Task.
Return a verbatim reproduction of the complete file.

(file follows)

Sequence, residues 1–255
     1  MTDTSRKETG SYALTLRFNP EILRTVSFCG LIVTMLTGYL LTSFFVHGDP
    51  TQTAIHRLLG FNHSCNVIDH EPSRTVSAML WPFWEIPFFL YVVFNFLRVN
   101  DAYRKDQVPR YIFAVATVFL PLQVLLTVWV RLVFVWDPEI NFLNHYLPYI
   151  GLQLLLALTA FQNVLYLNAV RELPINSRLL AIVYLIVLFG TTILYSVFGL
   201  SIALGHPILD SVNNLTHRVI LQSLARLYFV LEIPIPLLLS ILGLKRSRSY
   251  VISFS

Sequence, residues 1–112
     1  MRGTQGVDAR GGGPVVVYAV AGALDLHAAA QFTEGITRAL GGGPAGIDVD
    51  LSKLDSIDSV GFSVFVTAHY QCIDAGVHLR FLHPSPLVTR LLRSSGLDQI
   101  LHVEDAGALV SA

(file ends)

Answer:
Sequence, residues 1–255
     1  MTDTSRKETG SYALTLRFNP EILRTVSFCG LIVTMLTGYL LTSFFVHGDP
    51  TQTAIHRLLG FNHSCNVIDH EPSRTVSAML WPFWEIPFFL YVVFNFLRVN
   101  DAYRKDQVPR YIFAVATVFL PLQVLLTVWV RLVFVWDPEI NFLNHYLPYI
   151  GLQLLLALTA FQNVLYLNAV RELPINSRLL AIVYLIVLFG TTILYSVFGL
   201  SIALGHPILD SVNNLTHRVI LQSLARLYFV LEIPIPLLLS ILGLKRSRSY
   251  VISFS

Sequence, residues 1–112
     1  MRGTQGVDAR GGGPVVVYAV AGALDLHAAA QFTEGITRAL GGGPAGIDVD
    51  LSKLDSIDSV GFSVFVTAHY QCIDAGVHLR FLHPSPLVTR LLRSSGLDQI
   101  LHVEDAGALV SA